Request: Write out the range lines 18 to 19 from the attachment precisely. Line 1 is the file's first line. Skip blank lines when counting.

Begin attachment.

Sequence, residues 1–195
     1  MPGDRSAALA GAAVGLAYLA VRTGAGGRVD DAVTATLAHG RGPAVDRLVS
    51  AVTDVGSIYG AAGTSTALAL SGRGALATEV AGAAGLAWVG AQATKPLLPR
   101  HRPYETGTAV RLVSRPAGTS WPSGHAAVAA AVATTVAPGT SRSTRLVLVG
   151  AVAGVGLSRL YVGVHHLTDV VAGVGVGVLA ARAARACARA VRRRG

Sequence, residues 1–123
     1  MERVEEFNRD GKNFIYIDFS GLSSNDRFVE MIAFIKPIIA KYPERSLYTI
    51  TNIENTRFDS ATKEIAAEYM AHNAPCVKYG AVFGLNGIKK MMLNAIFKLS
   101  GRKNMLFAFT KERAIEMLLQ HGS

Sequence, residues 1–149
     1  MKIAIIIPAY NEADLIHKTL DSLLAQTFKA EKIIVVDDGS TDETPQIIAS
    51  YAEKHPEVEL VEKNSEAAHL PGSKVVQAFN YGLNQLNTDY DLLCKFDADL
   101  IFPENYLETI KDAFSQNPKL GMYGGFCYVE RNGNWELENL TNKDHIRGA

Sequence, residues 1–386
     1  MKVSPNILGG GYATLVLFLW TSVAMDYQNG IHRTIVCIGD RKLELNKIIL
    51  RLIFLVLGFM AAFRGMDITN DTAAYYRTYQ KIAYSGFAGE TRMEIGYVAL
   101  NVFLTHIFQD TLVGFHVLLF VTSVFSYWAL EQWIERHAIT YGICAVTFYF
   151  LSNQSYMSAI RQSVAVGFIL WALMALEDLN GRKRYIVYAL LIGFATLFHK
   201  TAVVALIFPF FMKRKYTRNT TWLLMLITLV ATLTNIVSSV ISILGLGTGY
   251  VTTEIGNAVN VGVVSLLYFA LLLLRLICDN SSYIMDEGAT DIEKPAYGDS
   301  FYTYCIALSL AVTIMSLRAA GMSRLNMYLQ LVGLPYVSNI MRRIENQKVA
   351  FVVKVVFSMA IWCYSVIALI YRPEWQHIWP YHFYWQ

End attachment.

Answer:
   151  LSNQSYMSAI RQSVAVGFIL WALMALEDLN GRKRYIVYAL LIGFATLFHK
   201  TAVVALIFPF FMKRKYTRNT TWLLMLITLV ATLTNIVSSV ISILGLGTGY